That makes the group I’ve called field nerds, the group with no reason whatsoever to tolerate bullying from the disdainful house nerds targeting them with shaming, demanding diatribes, mostly men. It also places an onus on women to stand against the SJW invasion if we have any sense of decency toward our fellow human beings at all.
That does not mean that men in the gaming community have no power. On the contrary, there’s an aspect of this that provides gamers with a weapon against this invasion: Game design is a consumer driven industry, and gaming media requires readers to draw advertising. All gamers have the power to push back against the social justice narrative by simply refusing to fuel it and fund it.
What we’re seeing here is the same thing that’s happening everywhere. It’s more obvious in this community because this is a community that does not have the social camouflage others do. This is where nerds and geeks have ceased to care about being social outcasts and just decided to be themselves.
That shaming, demanding diatribe game journalists are targeting gamers with right now exists in pretty much all aspects of established media, but everywhere else it’s having at least to some degree the intended impact. Social justice isn’t just an attack on free speech. It’s an attack on the right to control one’s own interaction with other people. It’s an attack on an individual’s right to determine his or her own relationships with and to others. Under the social justice onus, you don’t have the right to decide what you will or will not do, like, accept, engage in, or allow to be done to you. The community decides that for you, and if you object the community will smack you down and put you right back in your place.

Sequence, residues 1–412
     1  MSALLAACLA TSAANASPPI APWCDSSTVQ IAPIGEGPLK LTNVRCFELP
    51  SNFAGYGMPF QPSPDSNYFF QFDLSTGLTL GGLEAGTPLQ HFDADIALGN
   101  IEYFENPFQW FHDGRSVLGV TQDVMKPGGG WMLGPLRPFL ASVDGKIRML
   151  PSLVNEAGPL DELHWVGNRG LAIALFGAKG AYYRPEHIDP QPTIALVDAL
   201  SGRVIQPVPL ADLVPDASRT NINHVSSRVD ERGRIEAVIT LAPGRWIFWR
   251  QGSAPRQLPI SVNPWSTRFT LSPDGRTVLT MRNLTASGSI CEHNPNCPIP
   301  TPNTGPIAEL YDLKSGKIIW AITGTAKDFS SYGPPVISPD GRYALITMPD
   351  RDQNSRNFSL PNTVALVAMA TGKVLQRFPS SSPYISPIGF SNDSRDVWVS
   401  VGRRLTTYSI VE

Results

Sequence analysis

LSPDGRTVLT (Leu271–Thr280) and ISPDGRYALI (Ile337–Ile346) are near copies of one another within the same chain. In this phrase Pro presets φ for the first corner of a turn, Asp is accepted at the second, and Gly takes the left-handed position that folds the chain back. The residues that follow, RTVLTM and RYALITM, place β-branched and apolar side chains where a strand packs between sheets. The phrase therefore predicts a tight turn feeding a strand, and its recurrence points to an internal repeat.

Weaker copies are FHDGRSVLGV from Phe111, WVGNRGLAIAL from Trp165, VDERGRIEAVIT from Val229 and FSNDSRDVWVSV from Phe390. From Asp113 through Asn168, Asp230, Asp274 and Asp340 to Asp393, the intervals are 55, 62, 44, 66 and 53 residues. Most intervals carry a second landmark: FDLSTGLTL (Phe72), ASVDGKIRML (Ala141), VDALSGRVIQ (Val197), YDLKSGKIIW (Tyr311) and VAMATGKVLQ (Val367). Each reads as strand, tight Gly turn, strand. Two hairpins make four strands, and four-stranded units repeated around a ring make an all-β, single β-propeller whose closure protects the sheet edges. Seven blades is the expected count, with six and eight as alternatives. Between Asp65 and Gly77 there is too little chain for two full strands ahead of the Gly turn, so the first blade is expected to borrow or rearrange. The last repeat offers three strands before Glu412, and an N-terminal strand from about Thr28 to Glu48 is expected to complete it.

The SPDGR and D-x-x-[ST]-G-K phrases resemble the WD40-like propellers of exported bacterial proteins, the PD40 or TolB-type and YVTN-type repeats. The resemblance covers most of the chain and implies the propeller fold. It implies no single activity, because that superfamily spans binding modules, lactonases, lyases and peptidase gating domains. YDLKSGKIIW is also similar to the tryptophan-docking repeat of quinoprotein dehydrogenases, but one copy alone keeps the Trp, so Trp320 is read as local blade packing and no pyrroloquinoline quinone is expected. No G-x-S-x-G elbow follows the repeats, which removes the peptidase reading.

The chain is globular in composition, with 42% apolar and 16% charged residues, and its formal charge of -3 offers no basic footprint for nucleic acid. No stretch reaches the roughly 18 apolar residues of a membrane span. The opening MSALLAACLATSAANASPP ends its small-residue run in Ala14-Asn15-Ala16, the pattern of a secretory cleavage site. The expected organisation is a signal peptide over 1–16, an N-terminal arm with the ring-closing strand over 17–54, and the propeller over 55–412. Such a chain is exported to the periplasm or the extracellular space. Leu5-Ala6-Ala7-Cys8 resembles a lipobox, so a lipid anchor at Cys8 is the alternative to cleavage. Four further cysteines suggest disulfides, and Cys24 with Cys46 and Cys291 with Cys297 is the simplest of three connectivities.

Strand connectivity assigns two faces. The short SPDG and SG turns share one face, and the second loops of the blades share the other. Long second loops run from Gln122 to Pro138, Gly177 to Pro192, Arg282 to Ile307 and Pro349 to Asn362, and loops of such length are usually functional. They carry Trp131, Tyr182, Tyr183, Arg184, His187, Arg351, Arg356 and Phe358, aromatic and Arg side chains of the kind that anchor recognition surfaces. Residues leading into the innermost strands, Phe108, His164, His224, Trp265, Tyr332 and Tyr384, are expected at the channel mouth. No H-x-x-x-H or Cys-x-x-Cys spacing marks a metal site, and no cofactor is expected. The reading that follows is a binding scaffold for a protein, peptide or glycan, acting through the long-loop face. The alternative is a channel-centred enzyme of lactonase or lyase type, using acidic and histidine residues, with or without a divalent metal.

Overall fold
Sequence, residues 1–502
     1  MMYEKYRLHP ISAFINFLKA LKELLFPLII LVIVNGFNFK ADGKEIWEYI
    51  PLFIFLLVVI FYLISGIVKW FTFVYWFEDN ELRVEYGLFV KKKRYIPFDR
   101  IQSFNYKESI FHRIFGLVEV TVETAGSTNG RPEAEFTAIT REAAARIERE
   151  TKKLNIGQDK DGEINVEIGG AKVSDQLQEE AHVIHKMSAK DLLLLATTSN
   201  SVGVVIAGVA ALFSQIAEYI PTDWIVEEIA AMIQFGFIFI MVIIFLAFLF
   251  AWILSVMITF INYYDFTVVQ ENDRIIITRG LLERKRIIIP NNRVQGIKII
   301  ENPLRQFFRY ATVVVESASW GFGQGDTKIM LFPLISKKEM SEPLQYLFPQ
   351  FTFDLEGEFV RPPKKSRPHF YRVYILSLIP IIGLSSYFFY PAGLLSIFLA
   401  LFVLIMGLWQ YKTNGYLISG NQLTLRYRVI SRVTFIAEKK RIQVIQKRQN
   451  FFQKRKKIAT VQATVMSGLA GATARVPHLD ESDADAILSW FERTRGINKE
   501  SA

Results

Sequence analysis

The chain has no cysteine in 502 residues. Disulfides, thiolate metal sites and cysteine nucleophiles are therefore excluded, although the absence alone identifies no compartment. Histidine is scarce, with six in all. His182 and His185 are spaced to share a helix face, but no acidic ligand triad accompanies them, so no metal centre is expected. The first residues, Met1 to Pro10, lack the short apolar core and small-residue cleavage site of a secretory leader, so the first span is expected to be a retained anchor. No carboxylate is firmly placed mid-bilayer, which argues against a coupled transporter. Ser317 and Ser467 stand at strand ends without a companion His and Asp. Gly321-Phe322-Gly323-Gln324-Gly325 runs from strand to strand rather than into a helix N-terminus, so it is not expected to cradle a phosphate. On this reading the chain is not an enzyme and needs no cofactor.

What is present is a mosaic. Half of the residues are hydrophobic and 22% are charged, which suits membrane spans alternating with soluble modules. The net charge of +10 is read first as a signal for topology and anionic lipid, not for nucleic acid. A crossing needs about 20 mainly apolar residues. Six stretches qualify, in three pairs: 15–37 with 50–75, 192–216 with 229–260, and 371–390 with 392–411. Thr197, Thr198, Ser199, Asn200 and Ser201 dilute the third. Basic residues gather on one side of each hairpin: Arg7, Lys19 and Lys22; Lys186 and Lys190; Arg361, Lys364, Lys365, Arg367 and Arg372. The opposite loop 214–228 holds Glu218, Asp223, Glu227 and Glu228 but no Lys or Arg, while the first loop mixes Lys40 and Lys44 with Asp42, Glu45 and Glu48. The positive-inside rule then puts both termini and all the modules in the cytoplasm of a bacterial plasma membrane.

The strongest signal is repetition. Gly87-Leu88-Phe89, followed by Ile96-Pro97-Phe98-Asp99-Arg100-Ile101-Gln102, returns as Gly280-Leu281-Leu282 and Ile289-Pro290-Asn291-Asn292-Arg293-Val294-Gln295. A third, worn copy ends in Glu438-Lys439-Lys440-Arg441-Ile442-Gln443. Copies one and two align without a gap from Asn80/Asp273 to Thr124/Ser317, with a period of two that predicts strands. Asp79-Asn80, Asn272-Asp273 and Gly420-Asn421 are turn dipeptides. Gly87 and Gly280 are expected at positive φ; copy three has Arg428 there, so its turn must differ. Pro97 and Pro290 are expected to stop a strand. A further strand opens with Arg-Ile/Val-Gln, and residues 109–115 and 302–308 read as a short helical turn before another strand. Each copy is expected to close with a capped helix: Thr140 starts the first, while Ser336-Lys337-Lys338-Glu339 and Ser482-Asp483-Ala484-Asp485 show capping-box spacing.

It works because most people value their position on the social ladder enough to fear falling from it. The general public mostly occupies the rungs between the mostly rejected and the social elite. They care just enough about maintaining their position that the threat of being accused of social impropriety is enough to keep them in line. That’s the risk/reward system that social engineers in the media are accustomed to dealing with.
The only people who are equipped to fight off that rushing tide of manipulation and control are those for whom potential social rejection doesn’t constitute a threat.
That, gamers, is why gamergate is not about any one of the damseling drama queens receiving the coverage in gaming media that is now spilling over into other news sources. It not about the media themselves, either, or the companies supporting the industry.